On the Road

Thursdays with Bearly

When Mother Earth crumbled like a pie crust it left behind one of the most bewildering landscapes in the West. The heart of this vibrant break in the surface of earth is  now protected as part of Capitol Reef National Park. Amazing clusters of red sandstone formations can be seen from the pavement, or are hidden in the back country. The temple of the Moon and the temple of the Sun are two of those rock formation that either require fording the Fremont river, or passing sandy patches along the Caineville wash, or a long, rocky mountain road.

Temple of the Sun and temple of the moon, Capitol Reef, UT

Temple of the Sun and temple of the moon, Capitol Reef, UT

Either way, you are rewarded with a spectacular display of erosion and resilience. Both temples stand erect by themselves in a valley of many cathedrals in the making. Most of them will end up as muddy hills being washed away by rainstorms and winds.

For now, the temples are still standing, seeing the sun and moon come and go. Time your visit right to see these rock formation in the best light. I am sure storm clouds would add a great back ground to the eerie landscape. Then again, you may be stuck in a while in the mud and run off water…

Temple of the moon

Temple of the moon

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Early Weed Bench, Grand Staircase - Escalante National Monument, UT
Inside Out

A letter to Everett Ruess

Dear Everett,

we have never met, but I have read a lot about you.

I have spent the last few days in the Escalante area, a place that you have like so much. Now I can understand why. Most of the area is now protected as part of a national park, the Grand Staircase – Escalante National Monument, can you imagine?

There are some things that have changed since you traveled this amazing landscape 80 years with your mules. For one, they built a large dam near Page and flooded Glen Canyon and a lot of the tributary canyons to create the second largest man-made lake on earth. Some of your camp sites are under water, as many other historic and natural sites. Besides generating energy and distributing the water they also let visitors race power boats and jet skis on the lake and call it a Recreational area. It is a weird sight to see that much water in the middle of the desert.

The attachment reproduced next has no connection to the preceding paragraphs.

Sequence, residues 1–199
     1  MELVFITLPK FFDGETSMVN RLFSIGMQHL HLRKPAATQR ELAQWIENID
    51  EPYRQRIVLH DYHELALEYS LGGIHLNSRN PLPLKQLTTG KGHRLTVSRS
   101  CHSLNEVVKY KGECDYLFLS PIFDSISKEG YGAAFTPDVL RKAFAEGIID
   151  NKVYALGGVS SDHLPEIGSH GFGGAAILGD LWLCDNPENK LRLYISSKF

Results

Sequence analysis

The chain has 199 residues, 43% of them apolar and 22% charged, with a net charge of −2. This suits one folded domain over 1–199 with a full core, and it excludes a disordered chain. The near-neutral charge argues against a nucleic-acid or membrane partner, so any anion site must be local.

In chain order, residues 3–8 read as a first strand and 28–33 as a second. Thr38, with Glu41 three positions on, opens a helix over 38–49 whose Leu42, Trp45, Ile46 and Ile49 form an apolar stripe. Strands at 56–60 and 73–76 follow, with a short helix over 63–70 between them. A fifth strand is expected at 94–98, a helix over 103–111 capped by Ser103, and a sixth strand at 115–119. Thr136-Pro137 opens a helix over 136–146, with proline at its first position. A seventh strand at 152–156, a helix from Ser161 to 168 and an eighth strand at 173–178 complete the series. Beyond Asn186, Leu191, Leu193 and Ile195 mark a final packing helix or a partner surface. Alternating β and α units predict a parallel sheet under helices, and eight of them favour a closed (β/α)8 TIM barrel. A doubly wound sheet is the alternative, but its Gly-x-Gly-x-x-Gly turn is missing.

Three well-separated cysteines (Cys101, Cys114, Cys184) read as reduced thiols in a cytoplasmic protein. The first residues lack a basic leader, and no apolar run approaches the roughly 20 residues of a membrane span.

Kanab, Escalante, and Boulder are now little towns catering to tourism. I assume most visitors are happy to explore the desert from the safety of their cars, although a few desert rats seem to venture into the canyons, carving a few days out of an otherwise busy schedule. Nobody travels the desert like you did, for months on end, just with two mules and limited resources. I have seen some packers using horses going into Silver Falls. The horses are hauled into the desert on big enclosed trailers, pulled by a strong 4-wheel drive. After the trip of a few days, usually a weekend, they go back on greener pastures. For hikers on foot, we have now detailed maps, trip reports, weather forecasts, GPS devices, satellite phones and emergency beacons to make traveling predictable and safe. It is a different world.

Some people writing about you have said that we in reality do not understand your exuberance and enthusiasm for traveling alone in the desert. I think we would need to travel on your terms to have a similar experience as you had, to become a part of this ruggedly beautiful landscape. You went on an open-ended journey not knowing what tomorrow and the day after will bring.